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On each of the four Sundays in January you’re seeing sunset pictures from the state whose license plates praise it as the Land of Enchantment. This photograph of a silhouetted dead tree is from June 10, 2017, at Camel Rock, 11 miles north of Santa Fe.

© 2018 Steven Schwartzman

Written by Steve Schwartzman

January 21, 2018 at 4:57 AM

Sunday sunset 2

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8:10 PM

On each of the four Sundays in January you’re seeing sunset pictures from the state whose license plates proclaim it the Land of Enchantment.

8:18 PM

These three photographs date back to June 10, 2017, at Camel Rock, 11 miles north of downtown Santa Fe. I don’t notice any overlap between the first two pictures. The third, however, zooms in on an area recognizable near the bottom of the second photograph, so you can see how cloud shapes and colors had changed in five minutes.

8:23 PM

© 2018 Steven Schwartzman

Written by Steve Schwartzman

January 14, 2018 at 4:54 AM

Sunday sunset 1

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As it would be hard to find anything more appropriate for a Sunday than a sunset, on the four Sundays in January you’ll be seeing sunset pictures. Today’s are from June 10, 2017, at Camel Rock, 11 miles north of downtown Santa Fe. Speaking of 11, that’s how many minutes elapsed between the first photograph and the second.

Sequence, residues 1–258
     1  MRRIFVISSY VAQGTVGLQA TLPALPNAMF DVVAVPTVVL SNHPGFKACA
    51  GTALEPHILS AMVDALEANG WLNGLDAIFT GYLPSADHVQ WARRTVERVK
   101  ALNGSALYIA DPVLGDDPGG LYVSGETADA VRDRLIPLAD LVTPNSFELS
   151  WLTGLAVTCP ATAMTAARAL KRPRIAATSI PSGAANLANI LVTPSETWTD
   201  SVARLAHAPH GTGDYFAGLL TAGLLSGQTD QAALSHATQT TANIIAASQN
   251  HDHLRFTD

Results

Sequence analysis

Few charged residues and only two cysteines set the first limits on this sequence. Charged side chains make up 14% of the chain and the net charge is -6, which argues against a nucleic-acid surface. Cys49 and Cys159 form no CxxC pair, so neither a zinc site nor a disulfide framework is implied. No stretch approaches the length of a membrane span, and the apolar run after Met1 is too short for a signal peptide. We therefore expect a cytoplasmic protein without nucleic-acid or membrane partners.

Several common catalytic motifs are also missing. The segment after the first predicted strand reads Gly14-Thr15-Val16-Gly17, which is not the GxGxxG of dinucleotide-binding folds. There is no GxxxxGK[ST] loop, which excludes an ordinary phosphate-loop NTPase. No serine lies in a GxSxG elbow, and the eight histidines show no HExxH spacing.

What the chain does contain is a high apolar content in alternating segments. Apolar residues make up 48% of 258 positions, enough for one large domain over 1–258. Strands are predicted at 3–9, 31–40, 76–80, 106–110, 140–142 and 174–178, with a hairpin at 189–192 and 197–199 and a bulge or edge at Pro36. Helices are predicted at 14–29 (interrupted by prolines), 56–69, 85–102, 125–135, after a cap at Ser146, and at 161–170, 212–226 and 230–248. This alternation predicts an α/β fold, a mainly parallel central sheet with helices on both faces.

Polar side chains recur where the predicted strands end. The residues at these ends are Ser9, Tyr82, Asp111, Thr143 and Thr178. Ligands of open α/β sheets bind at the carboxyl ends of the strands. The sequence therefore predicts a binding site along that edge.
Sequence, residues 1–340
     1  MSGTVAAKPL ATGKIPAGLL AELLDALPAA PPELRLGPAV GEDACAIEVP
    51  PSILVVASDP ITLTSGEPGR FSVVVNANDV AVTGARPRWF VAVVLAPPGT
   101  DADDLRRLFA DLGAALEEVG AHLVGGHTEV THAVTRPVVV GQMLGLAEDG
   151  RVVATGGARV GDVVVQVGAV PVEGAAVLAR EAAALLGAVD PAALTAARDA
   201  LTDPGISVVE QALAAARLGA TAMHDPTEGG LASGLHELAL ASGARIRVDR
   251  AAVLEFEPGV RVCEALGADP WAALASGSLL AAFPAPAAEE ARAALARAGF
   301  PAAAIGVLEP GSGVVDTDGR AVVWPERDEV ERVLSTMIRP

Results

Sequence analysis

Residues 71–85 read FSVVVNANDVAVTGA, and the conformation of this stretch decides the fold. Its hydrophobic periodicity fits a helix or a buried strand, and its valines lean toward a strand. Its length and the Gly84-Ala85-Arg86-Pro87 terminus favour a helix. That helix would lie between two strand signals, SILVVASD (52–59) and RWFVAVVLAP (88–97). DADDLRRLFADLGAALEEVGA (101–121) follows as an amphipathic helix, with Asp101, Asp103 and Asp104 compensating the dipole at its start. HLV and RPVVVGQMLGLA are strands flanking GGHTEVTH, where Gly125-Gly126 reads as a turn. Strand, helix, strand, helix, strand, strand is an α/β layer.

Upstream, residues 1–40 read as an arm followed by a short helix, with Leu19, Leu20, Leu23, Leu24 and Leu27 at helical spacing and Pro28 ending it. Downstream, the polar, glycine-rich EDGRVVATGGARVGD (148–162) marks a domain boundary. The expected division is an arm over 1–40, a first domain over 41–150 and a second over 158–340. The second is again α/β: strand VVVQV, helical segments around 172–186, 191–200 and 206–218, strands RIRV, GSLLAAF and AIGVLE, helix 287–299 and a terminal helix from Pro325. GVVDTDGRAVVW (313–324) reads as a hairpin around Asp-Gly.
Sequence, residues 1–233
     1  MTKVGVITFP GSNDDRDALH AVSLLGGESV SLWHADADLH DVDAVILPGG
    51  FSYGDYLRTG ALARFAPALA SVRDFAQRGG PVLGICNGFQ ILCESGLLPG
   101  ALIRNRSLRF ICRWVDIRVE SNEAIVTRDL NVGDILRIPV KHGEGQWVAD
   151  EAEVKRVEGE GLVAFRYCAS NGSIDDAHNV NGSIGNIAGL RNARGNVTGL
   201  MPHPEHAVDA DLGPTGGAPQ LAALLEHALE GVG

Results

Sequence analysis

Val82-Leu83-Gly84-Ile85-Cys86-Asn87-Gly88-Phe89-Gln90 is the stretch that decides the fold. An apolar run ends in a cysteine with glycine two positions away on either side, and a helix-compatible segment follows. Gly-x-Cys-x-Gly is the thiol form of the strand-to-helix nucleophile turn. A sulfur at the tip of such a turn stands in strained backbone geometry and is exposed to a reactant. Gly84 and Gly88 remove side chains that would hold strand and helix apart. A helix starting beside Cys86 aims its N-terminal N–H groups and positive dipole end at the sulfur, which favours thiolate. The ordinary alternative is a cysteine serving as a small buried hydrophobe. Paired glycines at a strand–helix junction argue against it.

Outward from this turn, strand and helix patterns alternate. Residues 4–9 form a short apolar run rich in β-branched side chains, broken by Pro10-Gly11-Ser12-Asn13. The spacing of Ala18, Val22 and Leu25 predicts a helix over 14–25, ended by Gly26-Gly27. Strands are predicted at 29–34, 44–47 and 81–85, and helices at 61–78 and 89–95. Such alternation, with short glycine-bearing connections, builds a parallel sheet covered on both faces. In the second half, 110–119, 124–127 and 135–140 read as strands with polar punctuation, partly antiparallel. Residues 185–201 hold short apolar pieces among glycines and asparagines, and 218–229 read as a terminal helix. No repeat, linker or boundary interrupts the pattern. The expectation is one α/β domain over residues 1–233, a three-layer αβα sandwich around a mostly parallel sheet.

© 2018 Steven Schwartzman

Written by Steve Schwartzman

January 7, 2018 at 4:31 AM

Camel Rock

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Here’s a view from June 10th showing Camel Rock, a landmark on the main highway some 11 miles north of downtown Santa Fe. When I first visited Camel Rock nearly half a century ago, anyone could walk up to it and even onto it. Now I found the structure ringed by a fence. While I appreciate the protection, the fence made it hard to take pictures because I couldn’t get close enough to stand or sit where I wanted to. Oh well, I did what I could, aided by one of those famous New Mexico sunsets.

Do you see the rocky outline of the camel, complete with a hoodoo for a head and neck? If you’d like a look back at other pareidolic images that have appeared here in 2016 and 2017, click “pareidolia” in the “Tagged with” section at the bottom of this post and scroll down through the results. (There are bound to be instances in older posts as well, but I learned the term pareidolia only last year.)

© 2017 Steven Schwartzman

Written by Steve Schwartzman

December 2, 2017 at 4:42 AM

More of the world below

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More visual notes from the underground in New Mexico’s Carlsbad Caverns National Park on June 14th.

It took aeons for an inorganic process, dripping water, to deposit the minerals that built up these intricate formations. Nevertheless, don’t their tops remind you of the branching growth patterns seen in a living organism like broccoli?

© 2017 Steven Schwartzman

Written by Steve Schwartzman

August 24, 2017 at 4:40 AM